The art of creating miracles across regional WA

The art of creating miracles across regional WA

Jon Solmundson

Bringing together artists and arts organisations in every corner of our vast state, the Regional Arts Partnership Program (RAPP) has delivered WA’s first arts network of its kind connecting and impacting communities – from Kununurra to Albany.

The Creative Grid network is linking up more than 40 organisations, spread across a staggering 2.5 million square kilometres.

The project puts an end to the ‘silo’ approach of arts administration, and brings artists, galleries and arts organisations from every region of WA out of isolation to share resources and funding and work together to create and tour exhibitions and new projects.

This ground-breaking initiative is being driven by a self-taught artist, community leader and mum-of-four, Fiona Sinclair who is based in the South West town of Northcliffe.

Artistic Director and General Manager of the Northcliffe-based Southern Forest Arts and Project Coordinator for The Creative Grid, Fiona is passionate about the importance of the arts to strengthen the fabric and sense of well-being of regional communities.

Fiona Sinclair, Creative Grid Project Coordinator.

“Regional arts is all about pulling miracles out of thin air on shoe string budgets – and we do that every day,” she says. “You really are talking about creating magic and pulling rabbits out of hats – creating something out of virtually nothing. It’s about transforming regional communities on an intimate and real level and we are doing that all time with very little money.”

Fiona says that The Creative Grid, which is facilitated and funded by Country Arts WA’s Regional Arts Partnership Program (RAPP), is unique not only its highly collaborative structure but also in its delivery.

“One of the great things about RAPP and The Creative Grid is that normally a project like this would be run by external arts administrators but it’s being run by someone like me, living in a tiny, dinky little country town.”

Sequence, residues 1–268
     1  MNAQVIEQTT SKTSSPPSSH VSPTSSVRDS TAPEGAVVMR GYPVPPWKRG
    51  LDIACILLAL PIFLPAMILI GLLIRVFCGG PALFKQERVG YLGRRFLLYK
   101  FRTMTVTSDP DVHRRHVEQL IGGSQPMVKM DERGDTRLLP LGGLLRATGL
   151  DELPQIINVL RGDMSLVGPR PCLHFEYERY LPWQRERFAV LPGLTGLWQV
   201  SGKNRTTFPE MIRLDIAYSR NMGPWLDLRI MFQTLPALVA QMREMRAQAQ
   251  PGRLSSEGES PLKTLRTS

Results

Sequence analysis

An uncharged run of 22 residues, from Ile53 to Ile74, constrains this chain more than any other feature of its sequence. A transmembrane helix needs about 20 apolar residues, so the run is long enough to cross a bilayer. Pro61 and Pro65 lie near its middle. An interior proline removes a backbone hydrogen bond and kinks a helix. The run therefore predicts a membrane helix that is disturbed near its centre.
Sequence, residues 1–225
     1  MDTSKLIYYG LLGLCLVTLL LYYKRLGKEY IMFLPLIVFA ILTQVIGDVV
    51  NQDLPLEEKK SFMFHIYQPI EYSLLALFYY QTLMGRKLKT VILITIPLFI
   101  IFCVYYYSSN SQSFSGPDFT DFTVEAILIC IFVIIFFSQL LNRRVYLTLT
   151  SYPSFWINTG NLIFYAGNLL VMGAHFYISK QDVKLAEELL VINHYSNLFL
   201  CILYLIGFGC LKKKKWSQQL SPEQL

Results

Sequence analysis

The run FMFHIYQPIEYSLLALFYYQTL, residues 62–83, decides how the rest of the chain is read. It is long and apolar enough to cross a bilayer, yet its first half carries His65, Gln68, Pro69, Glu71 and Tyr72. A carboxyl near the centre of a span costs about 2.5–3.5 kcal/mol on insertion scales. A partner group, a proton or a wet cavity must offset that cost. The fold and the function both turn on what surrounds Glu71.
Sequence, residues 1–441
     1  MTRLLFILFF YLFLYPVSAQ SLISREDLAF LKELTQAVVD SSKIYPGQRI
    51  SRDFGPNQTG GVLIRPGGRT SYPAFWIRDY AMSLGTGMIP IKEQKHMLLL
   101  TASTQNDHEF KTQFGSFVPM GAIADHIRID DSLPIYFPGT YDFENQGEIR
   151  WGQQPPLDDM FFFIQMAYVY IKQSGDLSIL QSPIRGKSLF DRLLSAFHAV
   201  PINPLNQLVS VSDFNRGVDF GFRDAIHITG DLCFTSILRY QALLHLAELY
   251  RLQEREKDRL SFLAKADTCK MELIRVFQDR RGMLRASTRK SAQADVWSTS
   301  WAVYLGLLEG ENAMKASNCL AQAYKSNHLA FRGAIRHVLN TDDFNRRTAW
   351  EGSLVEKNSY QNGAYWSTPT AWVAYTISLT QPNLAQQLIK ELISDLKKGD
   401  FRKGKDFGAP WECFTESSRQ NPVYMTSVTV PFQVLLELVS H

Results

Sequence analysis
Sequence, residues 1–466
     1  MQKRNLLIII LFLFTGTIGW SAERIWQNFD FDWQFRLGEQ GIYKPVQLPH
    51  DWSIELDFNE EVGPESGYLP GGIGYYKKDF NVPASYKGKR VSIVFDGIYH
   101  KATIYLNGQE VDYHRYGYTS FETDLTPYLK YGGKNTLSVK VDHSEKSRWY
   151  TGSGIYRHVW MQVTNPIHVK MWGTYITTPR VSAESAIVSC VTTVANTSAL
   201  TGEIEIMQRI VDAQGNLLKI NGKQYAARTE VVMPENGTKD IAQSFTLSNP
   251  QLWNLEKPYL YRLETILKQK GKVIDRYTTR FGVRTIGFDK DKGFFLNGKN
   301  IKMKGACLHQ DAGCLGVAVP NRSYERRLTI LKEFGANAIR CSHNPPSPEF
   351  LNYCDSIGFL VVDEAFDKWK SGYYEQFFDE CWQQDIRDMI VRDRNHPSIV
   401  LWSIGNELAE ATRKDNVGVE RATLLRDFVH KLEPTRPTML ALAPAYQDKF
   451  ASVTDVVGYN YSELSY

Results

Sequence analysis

A shearer’s daughter who grew up in Toodyay, Fiona describes herself as having a “very un-arts background” but with a keen understanding of life in regional WA. And while jobs and skills enhancement are important benefits of the project, Fiona says its greatest goal is building social capital.

“For artists and communities, the experience of living regionally is incredibly isolating. This project provides an opportunity to break out of our own little space and work in tandem with each other.

When you feel supported as an artist, art worker or arts organisation, you are able to give so much more to your community. You can explore identity and celebrate achievement.”

“The projects we are creating are very much regionally driven and not coming out of the city. It is about country people saying this is what we are really interested in. It is about regional WA taking the reins and driving a different future for the arts in this state.”

This year The Creative Grid, which is focused on the visual arts, will deliver 15 solo exhibitions, 15 group exhibitions and 50 mentorships including 15 artist mentorships, 15 curator mentorships, 15 photographer mentorships and 5 public art mentorships.

Two unique projects are also underway, Artspiration – a mini-doc series celebrating regional arts excellence – and the development of a regional exhibition exchange network enabling and benefiting regional artists, arts venues and communities by increasing exposure to new audiences and injecting new visions, concepts and conversations into host communities.

Regional Arts Partnership Program (RAPP)

The Regional Arts Partnership Program (RAPP) was launched in October 2016 and is delivered by Country Arts WA, on behalf of the Department of Local Government, Sport and Cultural Industries and the Department of Primary Industry and Regional Development, under the State Government’s $24 million Creative Regions investment into arts and culture across WA.

RAPP is the first arts network of its kind in WA, linking local regional artists and organisations together with leading WA arts bodies and providers to create, resource and run new and creative arts projects – in a way that has not been done before.

Country Arts WA Executive Director Paul MacPhail said the program revolutionised the way arts funding was distributed to the regions.

“This innovative new framework – such as The Creative Grid – allows arts organisations and individuals to become the drivers of regional arts decision making and work with a much bigger budget and far better allocation of resources.”

“It also gives these individuals and organisations the capacity and opportunity to collaborate and tap into the wealth of accumulated talent and skills available across the arts in WA in a way they have not previously been able to do.”

“In addition, is a highly effective vehicle for the creation of more job opportunities, more art projects and performances, as well as more support for regional art and artists and a more enlivened and sustainable regional arts sector as a result.”

Mr MacPhail said The Creative Grid was one of three projects to receive RAPP funding of $200,000 each for the creation and delivery of their initiatives.

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